Frustration over widening inequality may topple Lithuania’s government as the euro-area nation votes in the first round of a presidential election.
While the country is heralded as a model of economic integration since it joined the European Union in 2004, many of its 2.8 million people are still feeling the effects of the global economic crisis. That’s fueled a campaign filled with populist and anti-elite rhetoric similar to that seen in races across the bloc for this month’s EU parliamentary elections.
Prime Minister Saulius Skvernelis, running third in opinion polls, has threatened to step down and dissolve his minority center-left government a year before its term ends if he fails to advance to a May 26 runoff. He has also attacked his front-running rivals — a former finance minister and a popular banker — blaming them and the central bank for missteps during the crisis, which wiped more than 15% off gross domestic product.
“There’s a feeling of social injustice in society, and all the candidates are talking about it,” said Margarita Seselgyte, a political analyst at the Institute of International Relations and Politics at Vilnius University. “But I wouldn’t bet on any scenario. The race is too tight and there are too many unknown unknowns.”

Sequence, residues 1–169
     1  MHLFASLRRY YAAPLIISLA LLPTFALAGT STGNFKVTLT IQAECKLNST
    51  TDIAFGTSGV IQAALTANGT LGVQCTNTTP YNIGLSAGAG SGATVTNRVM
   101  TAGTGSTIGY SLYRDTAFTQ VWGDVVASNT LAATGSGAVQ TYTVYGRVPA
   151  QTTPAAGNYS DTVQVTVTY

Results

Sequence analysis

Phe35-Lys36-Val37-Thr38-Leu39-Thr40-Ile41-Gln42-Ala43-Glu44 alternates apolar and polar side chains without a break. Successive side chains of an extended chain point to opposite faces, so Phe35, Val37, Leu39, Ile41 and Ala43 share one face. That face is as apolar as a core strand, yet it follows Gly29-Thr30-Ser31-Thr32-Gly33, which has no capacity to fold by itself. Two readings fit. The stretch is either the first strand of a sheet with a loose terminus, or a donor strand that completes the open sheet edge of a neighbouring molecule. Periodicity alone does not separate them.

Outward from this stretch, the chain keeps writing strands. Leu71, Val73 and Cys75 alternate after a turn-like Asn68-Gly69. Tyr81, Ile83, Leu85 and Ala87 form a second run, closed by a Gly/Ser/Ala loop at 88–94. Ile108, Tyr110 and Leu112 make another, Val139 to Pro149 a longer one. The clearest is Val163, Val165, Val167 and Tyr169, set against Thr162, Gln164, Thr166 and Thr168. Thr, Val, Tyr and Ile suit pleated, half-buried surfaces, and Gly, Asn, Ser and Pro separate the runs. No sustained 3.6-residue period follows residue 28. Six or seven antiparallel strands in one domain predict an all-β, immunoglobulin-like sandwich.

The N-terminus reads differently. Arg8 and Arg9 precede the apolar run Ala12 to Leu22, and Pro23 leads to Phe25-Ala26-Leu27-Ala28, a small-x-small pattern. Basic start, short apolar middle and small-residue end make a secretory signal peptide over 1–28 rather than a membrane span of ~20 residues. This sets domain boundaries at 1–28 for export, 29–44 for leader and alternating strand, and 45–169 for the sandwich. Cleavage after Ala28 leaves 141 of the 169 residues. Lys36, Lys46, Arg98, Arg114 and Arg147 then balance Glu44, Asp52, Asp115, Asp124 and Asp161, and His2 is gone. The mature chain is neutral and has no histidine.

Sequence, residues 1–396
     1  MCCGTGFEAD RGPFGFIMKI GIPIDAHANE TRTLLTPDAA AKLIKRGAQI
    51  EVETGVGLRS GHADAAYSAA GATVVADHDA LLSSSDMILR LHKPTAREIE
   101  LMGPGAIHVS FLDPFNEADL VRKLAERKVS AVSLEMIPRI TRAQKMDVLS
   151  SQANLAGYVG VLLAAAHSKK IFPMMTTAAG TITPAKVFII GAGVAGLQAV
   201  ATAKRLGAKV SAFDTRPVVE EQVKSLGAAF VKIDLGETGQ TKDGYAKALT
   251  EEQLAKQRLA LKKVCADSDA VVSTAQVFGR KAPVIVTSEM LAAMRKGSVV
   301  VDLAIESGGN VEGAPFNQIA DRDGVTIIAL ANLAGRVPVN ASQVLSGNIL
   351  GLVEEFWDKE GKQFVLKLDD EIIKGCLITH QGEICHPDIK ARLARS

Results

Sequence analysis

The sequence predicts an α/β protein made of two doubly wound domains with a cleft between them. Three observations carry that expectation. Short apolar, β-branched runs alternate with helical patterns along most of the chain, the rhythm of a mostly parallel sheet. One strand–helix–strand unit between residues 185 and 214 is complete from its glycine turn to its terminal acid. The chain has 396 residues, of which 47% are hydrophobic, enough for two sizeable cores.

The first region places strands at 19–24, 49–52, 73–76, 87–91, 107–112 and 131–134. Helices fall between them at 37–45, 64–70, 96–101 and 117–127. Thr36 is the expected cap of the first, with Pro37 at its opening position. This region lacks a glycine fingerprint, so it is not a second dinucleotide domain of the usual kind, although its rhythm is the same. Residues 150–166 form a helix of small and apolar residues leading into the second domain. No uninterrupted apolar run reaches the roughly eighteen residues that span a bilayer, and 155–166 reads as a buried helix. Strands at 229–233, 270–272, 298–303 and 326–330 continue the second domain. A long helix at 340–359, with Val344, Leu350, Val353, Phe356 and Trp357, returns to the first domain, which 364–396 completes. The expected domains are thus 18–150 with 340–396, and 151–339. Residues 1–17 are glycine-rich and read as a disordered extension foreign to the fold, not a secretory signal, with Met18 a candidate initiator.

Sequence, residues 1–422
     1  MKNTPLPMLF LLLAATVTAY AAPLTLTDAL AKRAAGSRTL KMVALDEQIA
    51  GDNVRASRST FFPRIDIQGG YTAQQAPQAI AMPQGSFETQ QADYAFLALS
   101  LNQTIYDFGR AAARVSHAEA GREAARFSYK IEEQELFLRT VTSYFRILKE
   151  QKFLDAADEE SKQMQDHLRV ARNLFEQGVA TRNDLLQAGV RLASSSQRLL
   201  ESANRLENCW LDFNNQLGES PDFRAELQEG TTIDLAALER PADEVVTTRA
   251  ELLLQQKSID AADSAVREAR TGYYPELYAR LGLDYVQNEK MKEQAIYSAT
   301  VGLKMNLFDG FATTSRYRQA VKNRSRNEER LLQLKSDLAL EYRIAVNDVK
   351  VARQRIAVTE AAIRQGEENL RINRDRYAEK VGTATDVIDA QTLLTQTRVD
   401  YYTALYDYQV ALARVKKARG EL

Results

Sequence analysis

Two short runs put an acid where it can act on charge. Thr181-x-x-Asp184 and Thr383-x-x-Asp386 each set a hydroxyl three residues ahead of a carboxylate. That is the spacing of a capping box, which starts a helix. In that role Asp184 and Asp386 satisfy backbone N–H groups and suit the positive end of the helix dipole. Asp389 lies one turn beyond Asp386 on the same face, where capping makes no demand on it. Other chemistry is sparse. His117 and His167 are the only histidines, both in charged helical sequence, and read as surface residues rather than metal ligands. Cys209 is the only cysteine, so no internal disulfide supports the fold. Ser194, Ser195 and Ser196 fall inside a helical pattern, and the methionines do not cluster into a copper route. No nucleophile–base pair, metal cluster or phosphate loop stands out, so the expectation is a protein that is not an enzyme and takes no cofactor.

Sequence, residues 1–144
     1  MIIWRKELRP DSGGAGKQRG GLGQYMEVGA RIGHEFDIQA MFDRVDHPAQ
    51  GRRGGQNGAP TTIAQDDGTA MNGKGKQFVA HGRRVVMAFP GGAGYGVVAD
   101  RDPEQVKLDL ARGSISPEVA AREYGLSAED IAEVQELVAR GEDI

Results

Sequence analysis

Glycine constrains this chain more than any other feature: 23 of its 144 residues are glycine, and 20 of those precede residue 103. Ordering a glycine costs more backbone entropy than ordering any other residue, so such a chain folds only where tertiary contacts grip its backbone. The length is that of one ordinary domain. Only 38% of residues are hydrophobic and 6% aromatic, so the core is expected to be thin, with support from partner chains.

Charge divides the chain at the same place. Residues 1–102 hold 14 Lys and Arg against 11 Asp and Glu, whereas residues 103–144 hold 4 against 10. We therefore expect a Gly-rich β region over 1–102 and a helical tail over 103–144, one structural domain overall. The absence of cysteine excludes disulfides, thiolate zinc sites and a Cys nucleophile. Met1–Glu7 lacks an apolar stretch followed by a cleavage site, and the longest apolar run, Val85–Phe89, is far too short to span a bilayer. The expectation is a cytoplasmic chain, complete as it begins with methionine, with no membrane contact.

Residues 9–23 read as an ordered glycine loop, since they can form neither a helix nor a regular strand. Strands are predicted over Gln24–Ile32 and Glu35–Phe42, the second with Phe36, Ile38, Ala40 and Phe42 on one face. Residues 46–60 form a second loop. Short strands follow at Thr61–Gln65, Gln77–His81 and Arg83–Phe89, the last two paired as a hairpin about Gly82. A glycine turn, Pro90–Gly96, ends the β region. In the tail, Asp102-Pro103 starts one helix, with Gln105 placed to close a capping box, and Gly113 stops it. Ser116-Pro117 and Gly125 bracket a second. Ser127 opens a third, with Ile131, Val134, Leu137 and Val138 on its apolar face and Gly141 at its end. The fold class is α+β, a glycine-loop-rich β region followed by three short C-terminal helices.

Ingrida Simonyte, who was finance minister from 2009 to 2012, and SEB Bank AB economist Gitanas Nauseda are running neck-and-neck for first in opinion polls, with Skvernelis close behind. Ballot stations opened at 7 a.m. Sunday and close at 8 p.m. If no candidate wins a majority, as is expected, the top two will advance to a second round.
While Lithuania’s president has limited powers over domestic issues, candidates are pledging to use the position’s moral authority to influence government policy. The winner will replace Dalia Grybauskaite, a staunch critic of neighboring Russia.
While living standards have surged since EU entry to more than three quarters of the EU average, hundreds of thousands of people have left to escape the bloc’s second-highest inequality, and more than one in 10 people don’t have indoor plumbing.
Skvernelis, 48, has rekindled the debate about the 2008 economic crisis and instructed prosecutors to probe the actions of regulators and the central bank. A former policeman who runs the EU’s only all-male cabinet, he’s made the election a referendum on his policies, including tax cuts, pensions hikes and subsidies for families with children.
But his government has also faced scandals and setbacks, including dismissed ministers, a teachers’ strike, and the passage of rules restricting alcohol sales that many Lithuanians opposed.
“Sunday will be an assessment of my work,” he said during a campaign event.